California Superbike School

Here it is at last. My write up about Superbike School, long awaited by some of you (you know who you are). :P


Some of you might recall that I was signed up to do the two day camp of California Superbike School last June, but I did the idiot thing and signed up for a NESBA trackday weekend at Pacific Raceways in early June, just so that I would have a bit of track experience that year before I went out to learn from the pros. As it turns out, I crashed in the last five minutes of the first day partly because a control rider cut me off and mostly because I target fixated, did the squidly thing, panicked, gave in to my survival reaction, used up my $10 of survival time, whatever you want to call it. I went down with the bike on me, still holding on to the handlebars because I’d never learned how to crash, and ended up with a broken finger, two torn ligaments, a busted right knee and a badly bruised shin. Two surgeries fixed the finger and the ulnar collateral ligament (UCL), staying off of the leg helped heal the lateral collateral ligament (LCL), months of physiotherapy helped heal some of the scars, but I still have the busted knee and what they say is permanent nerve damage to my shin. Needless to say, I couldn’t do the school last year and had to cancel my spot, because the surgeons looked at me like I was mad when I asked them what dates I could sign up for that year. “You’re going to get back on that death machine again?”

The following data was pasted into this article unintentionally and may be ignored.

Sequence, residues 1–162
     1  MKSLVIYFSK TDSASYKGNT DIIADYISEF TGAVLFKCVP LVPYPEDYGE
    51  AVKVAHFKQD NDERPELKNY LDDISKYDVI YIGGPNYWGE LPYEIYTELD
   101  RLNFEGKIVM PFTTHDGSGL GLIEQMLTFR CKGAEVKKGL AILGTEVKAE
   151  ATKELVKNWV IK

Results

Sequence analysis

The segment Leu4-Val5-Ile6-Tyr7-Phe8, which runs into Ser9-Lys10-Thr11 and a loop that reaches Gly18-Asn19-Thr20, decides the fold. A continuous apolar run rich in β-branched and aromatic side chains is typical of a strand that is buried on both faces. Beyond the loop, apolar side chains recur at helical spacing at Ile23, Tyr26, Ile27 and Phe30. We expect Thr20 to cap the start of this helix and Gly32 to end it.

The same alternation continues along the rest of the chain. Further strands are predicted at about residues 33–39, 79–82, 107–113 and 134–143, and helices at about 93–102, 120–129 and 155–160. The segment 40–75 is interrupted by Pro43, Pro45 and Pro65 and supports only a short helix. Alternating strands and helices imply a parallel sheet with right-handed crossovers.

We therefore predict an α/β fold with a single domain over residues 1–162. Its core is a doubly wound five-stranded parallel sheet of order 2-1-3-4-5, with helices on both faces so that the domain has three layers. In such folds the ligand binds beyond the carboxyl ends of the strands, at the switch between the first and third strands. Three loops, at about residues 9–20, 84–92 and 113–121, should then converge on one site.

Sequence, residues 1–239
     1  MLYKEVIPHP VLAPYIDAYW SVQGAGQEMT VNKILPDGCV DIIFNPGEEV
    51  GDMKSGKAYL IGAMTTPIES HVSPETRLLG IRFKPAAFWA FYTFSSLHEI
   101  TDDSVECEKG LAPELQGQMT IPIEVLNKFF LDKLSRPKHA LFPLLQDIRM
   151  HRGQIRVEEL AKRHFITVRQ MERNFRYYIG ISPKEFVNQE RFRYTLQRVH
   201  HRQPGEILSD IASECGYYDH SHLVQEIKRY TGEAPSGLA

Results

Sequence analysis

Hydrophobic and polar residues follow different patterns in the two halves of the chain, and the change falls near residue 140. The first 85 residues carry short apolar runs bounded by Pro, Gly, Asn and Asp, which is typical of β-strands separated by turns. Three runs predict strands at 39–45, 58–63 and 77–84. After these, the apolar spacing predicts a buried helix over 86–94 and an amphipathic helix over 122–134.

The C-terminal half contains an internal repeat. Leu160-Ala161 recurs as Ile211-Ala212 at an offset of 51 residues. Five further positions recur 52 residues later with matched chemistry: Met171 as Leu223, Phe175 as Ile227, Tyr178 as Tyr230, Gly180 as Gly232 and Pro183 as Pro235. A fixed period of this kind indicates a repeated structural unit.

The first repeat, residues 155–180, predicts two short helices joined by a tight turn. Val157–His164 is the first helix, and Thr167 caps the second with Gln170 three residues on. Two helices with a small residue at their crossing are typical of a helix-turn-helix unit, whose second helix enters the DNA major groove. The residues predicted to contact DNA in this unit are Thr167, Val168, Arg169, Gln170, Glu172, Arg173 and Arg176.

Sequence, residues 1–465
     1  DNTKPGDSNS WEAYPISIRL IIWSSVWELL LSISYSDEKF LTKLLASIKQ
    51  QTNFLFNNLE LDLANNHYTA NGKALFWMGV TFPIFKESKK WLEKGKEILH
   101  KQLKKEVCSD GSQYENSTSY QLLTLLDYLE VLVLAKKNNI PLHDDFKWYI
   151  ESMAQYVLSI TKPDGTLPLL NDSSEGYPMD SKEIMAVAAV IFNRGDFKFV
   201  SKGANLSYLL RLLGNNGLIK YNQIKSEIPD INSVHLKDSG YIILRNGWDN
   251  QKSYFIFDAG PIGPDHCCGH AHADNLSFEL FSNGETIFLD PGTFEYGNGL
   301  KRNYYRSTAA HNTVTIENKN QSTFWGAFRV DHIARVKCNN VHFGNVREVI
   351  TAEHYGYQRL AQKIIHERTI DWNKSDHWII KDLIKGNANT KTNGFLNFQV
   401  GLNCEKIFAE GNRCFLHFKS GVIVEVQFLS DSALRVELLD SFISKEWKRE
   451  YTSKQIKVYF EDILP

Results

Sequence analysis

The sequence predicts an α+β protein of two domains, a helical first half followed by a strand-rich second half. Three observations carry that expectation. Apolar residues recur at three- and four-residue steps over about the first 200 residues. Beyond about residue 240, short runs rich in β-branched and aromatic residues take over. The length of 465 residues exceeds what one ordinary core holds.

And as a corollary, a couple of months after my surgeries, while I still had splints on both hands, I crashed my car when I failed to yield at a green light and turned left in front of an oncoming car – that old classic that kills thousands of my kind every year, now I had upon my head.

Last year is long gone, it’ll be almost a year since the day I first crashed, but while time has cured some of the physical injuries, my mental trauma refused to go away no matter what I tried. I’ve never talked or written about it much, because bikers aren’t supposed to be afraid, or if they are, nobody talks about it. If you’re scared, just park the fucking bike and walk, right? And for a while there, I even wondered to myself… why not? Park it, and you’ll be free of it. Maybe then all the nightmare scenarios that go on in your head every time you ride will finally go away. There’s other things you could do to find meaning in your life, like collect newts or something. People do it all the time.

For most of this year, all the riding plans I’d made have been less than half-hearted. I made them because they were things I was meant to do last year, but never got to do. Everything that I planned was more because I wanted to make up for the year I had lost rather than it being driven by any real desire or motivation. Even Superbike School I signed up for partly because I was meant to do it last year.